Gems of Chinese Literature/Wên T‘ien-hsiang-Divinæ Particulam Auræ
THERE is in the universe an Aura which permeates all things, and makes them what they are. Below, it shapes forth land and water; above, the sun and the stars. In man it is called spirit; and there is nowhere where it is not.
In times of national tranquillity, this spirit lies perdu in the harmony which prevails. Only at some great crisis is it manifested widely abroad. And as to these manifestations, those who run may read. Were there not the fearless and truthful annalists of old? Was there not the disinterested chivalry of Chang Liang? the unswerving devotion of Su Wu? Did not Yen Yen say they had headless generals in his district, but none who surrendered their allegiance? Was not an emperor's robe splashed with blood that might not be washed away? And the teeth of Chang Hsün?―the tongue of Yen Hsi?―the guileless honesty of Kuan Ning, pure as the clearest ice?―the martial genius of K‘ung Ming, the admiration of Gods and men?―the oath of Tsu T‘i?―the tablet dashed in the rebel's face?
Such is this grand and glorious spirit which endureth for all generations, and which, linked with the sun and moon, knows neither beginning nor end. The foundation of all that is great and good in heaven and earth, it is itself born from the everlasting obligations which are due by man to man.
Alas! the fates were against me: I was without resource. Bound with fetters, hurried away towards the north, death would have been sweet indeed; but that boon was refused.
My dungeon is lighted by the will-o’-the-wisp alone: no breath of spring cheers the murky solitude in which I dwell. The ox and the barb herd together in one stall: the rooster and the phoenix feed together from one dish. Exposed to mist and dew, I had many times thought to die; and yet, through the seasons of two revolving years, disease hovered round me in vain. The dank unhealthy soil to me became Paradise itself. For there was that within me which misfortune could not steal away. And so I remained firm, gazing at the white clouds floating over my head, and bearing in my heart a sorrow boundless as the sky.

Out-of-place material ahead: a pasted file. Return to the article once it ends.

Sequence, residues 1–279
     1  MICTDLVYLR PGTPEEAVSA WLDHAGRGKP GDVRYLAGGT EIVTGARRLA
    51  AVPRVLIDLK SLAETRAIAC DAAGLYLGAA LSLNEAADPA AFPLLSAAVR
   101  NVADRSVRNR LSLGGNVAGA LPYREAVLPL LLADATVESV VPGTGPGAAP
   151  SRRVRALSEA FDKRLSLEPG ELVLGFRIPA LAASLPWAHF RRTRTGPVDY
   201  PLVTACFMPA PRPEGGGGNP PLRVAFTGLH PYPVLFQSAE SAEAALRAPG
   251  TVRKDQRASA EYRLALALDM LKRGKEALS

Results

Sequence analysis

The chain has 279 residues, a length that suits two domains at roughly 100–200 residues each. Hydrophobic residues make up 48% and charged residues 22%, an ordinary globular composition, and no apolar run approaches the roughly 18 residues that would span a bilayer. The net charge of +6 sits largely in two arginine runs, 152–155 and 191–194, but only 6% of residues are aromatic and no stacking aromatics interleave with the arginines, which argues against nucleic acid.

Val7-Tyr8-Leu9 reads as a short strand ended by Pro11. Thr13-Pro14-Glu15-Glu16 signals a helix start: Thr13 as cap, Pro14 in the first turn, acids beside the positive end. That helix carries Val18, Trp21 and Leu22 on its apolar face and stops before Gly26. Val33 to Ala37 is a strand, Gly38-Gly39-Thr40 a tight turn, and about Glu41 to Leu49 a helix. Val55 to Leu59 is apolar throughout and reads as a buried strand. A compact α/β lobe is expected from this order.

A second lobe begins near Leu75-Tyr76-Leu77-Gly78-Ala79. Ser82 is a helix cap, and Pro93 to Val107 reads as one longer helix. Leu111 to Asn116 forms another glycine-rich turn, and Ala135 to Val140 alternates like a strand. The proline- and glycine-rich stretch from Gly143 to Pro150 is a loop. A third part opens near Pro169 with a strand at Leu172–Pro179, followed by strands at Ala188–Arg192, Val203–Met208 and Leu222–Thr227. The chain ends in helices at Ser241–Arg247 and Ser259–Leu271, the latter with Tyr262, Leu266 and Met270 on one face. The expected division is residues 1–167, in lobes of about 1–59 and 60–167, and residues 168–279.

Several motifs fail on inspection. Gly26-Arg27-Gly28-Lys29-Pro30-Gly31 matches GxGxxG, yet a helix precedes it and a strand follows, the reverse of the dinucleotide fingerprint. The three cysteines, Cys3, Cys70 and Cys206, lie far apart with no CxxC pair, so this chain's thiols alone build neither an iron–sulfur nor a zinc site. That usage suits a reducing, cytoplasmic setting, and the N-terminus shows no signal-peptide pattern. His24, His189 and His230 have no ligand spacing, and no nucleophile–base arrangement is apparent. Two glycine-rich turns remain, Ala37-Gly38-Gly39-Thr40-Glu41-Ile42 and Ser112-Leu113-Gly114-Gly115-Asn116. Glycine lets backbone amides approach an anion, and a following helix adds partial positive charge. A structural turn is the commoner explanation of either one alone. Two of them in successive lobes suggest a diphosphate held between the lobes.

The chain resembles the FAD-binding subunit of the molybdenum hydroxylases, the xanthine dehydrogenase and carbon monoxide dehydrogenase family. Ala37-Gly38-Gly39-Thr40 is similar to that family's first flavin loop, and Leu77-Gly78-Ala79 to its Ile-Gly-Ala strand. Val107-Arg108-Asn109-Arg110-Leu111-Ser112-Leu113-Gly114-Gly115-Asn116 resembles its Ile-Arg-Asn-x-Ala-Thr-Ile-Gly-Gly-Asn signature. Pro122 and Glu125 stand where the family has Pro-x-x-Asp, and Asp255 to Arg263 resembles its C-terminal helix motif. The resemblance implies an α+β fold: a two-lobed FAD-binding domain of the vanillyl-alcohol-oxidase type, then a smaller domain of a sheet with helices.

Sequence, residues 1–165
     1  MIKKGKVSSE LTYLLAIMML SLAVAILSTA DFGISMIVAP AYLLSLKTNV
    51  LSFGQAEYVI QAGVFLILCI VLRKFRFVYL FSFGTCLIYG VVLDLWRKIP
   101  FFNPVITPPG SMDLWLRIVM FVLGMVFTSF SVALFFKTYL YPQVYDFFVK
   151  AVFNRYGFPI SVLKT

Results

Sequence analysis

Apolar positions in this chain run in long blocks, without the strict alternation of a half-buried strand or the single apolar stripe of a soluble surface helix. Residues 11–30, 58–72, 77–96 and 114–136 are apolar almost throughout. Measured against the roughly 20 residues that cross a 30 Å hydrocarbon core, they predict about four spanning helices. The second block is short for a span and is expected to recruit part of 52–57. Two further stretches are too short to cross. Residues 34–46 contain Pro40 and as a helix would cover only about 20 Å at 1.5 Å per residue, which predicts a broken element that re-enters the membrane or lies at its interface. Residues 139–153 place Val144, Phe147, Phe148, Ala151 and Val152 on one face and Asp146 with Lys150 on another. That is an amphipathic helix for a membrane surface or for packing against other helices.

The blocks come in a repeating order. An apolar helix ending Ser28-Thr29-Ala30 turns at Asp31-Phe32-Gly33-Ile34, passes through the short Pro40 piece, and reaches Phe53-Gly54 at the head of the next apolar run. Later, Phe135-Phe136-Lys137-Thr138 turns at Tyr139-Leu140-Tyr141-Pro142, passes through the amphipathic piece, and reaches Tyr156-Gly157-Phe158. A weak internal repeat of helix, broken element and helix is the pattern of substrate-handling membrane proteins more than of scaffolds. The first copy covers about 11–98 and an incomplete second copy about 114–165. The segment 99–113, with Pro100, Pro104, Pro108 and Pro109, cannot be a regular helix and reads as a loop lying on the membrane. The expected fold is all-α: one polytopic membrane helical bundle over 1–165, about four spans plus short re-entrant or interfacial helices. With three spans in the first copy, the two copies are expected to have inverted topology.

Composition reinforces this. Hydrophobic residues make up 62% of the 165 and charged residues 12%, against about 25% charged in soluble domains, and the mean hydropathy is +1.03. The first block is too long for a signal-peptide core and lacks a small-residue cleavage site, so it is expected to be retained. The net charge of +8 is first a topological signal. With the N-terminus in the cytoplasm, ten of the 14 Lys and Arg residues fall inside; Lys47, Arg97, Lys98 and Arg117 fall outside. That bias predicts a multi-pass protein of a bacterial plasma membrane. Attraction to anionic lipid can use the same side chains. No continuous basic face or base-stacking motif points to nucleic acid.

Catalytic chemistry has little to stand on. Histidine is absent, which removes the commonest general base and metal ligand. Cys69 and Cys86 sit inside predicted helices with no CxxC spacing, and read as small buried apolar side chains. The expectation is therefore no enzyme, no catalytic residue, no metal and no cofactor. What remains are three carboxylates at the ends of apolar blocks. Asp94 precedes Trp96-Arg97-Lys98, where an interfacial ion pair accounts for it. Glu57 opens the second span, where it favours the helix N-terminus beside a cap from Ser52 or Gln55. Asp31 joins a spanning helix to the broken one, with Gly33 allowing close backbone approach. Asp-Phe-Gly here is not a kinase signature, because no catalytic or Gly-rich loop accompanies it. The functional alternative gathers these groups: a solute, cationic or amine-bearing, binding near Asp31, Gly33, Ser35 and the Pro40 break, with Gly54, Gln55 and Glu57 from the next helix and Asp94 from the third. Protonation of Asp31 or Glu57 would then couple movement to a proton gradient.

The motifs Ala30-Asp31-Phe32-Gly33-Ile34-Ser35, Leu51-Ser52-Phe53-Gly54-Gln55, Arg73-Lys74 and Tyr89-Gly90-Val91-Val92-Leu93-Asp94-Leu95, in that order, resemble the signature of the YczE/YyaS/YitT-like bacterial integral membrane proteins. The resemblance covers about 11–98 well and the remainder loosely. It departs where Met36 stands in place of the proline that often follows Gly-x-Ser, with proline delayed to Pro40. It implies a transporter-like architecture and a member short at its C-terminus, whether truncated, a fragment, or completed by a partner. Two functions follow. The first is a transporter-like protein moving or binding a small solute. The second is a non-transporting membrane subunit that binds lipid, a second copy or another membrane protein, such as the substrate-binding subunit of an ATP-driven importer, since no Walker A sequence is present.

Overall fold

The sun of those dead heroes has long since set; but their record is before me still. And, while the wind whistles under the eaves, I open my books and read; and lo! in their presence my heart glows with a borrowed fire.
- In allusion to certain murders which were denounced by the historiographers of the periods in question.
- Who, after setting an Emperor upon the throne, refused all reward, and retired into private life. See p. 62.
- Held prisoner by the Huns for the space of nineteen years. See Li Ling’s Reply, p. 80, The reference is to his “credentials,” from which he never allowed himself to be separated.
- In reply to the famous Chang Fei, who took him prisoner, but, in consequence of this bold answer, spared his life.
- The blood of Chi Shao, who died to save his Imperial master’s life.
- Killed for their violent language in the presence of rebels by whom they had been taken prisoners.
- Who faithfully repaid all loans made to him while in exile.
- The famous general of the Story of the Three Kingdoms.
- As he was about to cross the Yellow River with troops in pursuit of an enemy―“If I do not succeed in purging the country of these men, may my blood flow away like this river!”
- By a virtuous official whose loyalty the said rebel was vainly striving to undermine.
- But there is that within me which shall tire
Torture and Time; and breathe when I expire: